BlackBerry shares rose 14% last night, fueled by takeover speculation and news that AT&Twill start selling the new BlackBerry Z10 touchscreen smartphone in the US on March 22.
The speculation was sparked by a comment from the head of China's Lenovo Group.
He told a French newspaper that the personal computer maker might consider an acquisition of Canada's BlackBerry at some point in the future.
"External growth remains a question of opportunities," said Yang Yuanqing, Lenovo's CEO, in an interview with Les chos.
"As for BlackBerry, the file could eventually make sense, but I must first analyse the market and understand the exact weight of this company," he said in response to a question about whether Lenovo would make a move on the smartphone maker.
BlackBerry, a one-time smartphone pioneer, has lost market share to Apple's iPhone, Samsung Electronics' Galaxy line and other devices powered by Google's market-leading Android operating system.
In a make-or-break move to regain market share and return to profit, BlackBerry introduced the new smartphone to much fanfare in January, and said it was abandoning its old name, Research In Motion, and renaming itself BlackBerry.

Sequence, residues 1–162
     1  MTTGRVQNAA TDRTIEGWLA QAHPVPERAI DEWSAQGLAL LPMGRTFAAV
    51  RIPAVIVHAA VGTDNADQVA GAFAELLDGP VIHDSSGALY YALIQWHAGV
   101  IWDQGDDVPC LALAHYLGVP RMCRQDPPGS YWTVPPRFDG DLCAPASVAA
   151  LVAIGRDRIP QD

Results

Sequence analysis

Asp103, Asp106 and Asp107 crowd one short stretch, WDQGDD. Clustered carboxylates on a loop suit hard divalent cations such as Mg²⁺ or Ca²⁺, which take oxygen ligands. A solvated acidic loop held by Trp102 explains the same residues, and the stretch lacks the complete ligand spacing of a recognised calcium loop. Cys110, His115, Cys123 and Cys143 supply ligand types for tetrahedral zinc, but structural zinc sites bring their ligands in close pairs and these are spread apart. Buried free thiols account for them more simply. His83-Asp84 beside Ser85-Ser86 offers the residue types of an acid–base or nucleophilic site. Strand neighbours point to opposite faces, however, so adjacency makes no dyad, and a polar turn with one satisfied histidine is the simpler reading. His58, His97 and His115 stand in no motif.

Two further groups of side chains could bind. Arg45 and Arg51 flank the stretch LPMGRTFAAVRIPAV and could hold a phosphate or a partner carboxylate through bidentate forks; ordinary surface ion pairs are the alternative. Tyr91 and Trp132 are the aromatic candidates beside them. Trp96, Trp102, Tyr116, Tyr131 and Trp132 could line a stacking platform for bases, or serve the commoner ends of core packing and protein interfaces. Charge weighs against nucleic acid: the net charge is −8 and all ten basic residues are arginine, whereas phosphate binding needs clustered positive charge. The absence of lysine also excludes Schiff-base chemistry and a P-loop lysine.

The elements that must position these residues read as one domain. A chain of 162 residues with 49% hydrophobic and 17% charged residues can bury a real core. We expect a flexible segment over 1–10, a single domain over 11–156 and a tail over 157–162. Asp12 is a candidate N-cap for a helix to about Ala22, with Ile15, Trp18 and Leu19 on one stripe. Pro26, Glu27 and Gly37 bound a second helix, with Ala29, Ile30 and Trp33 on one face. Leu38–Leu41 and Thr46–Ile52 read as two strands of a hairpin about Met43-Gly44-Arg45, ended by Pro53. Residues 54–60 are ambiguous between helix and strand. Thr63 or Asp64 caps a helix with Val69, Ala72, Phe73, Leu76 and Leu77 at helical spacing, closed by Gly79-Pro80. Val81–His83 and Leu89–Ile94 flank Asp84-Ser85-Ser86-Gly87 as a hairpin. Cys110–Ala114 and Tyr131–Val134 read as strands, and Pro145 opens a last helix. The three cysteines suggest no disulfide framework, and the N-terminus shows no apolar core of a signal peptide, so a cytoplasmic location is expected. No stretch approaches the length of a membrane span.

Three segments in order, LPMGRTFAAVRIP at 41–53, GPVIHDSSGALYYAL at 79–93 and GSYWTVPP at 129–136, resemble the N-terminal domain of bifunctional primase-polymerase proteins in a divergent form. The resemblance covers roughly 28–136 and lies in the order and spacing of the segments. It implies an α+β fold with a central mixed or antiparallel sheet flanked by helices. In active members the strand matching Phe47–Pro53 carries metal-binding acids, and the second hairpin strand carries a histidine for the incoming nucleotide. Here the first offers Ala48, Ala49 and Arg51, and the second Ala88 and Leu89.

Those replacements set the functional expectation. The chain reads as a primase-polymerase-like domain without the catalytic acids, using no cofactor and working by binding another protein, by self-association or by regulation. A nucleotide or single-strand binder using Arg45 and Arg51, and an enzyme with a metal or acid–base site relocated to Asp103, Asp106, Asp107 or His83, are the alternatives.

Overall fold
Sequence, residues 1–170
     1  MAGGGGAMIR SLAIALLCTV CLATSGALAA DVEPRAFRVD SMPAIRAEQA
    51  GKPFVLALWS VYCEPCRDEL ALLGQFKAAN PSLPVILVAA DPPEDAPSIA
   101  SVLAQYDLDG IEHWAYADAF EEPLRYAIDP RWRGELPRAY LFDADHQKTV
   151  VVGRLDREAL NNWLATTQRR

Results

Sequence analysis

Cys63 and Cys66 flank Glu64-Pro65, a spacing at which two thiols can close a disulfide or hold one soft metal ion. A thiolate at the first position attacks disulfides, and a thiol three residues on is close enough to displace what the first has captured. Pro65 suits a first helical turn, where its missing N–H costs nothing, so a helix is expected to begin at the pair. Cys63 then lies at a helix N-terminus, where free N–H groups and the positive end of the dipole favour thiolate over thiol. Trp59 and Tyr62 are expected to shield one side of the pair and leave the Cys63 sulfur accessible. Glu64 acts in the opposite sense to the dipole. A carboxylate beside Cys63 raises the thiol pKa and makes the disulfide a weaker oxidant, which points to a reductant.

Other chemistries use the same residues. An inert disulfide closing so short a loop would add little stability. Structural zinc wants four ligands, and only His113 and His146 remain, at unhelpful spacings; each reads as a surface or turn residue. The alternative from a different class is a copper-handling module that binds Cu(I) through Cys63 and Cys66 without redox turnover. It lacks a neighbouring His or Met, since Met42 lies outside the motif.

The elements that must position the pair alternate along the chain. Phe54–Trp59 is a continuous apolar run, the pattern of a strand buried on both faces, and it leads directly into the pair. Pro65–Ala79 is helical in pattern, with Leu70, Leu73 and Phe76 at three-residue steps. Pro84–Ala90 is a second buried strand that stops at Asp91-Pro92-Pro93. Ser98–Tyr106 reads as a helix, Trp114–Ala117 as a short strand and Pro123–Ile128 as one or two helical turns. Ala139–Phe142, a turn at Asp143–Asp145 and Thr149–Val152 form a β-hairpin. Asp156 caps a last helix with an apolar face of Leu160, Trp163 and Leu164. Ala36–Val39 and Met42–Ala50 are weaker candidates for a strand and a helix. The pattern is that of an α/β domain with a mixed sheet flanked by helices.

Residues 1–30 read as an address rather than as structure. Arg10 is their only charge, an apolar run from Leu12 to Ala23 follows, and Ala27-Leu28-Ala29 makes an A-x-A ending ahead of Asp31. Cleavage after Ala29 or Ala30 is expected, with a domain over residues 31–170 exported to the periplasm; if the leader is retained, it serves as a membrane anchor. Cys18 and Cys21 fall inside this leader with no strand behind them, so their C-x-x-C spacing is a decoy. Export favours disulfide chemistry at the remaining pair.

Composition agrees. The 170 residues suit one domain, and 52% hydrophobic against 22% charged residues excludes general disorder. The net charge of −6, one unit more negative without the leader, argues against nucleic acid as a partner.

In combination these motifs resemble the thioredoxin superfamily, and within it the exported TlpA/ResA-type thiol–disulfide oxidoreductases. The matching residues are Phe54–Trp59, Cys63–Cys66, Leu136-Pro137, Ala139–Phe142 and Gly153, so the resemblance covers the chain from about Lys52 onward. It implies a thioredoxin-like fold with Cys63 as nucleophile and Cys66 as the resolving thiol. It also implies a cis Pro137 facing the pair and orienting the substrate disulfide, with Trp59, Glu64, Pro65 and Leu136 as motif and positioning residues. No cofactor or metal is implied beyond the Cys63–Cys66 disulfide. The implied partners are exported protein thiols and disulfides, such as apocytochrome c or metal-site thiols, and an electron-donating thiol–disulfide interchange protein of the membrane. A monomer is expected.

Analysts however poured cold water on the speculation that the Chinese technology giant would make a move on BlackBerry. A spokesman for Lenovo in Canada also downplayed the CEO's comment, saying, "in no way was this an indication of activity or strategic direction."
Analysts are also skeptical that the Canadian government, which in 2010 blocked mining giant BHP Billiton's $39 billion bid for Potash Corp, will easily approve a Chinese acquisition of BlackBerry.
BlackBerry is hoping the new devices, already on sale in Canada, Britain and more than 20 other countries, will help it win back market share in the US, which was once a stronghold for the smartphone industry pioneer.
The US launch of the new devices has been delayed due to a longer carrier-testing phase in the country. AT&T said pre-sales of the devices will begin today. BlackBerry says sales of its new smartphone have been outpacing its expectations so far, but investors are keen to see how it fares in the US.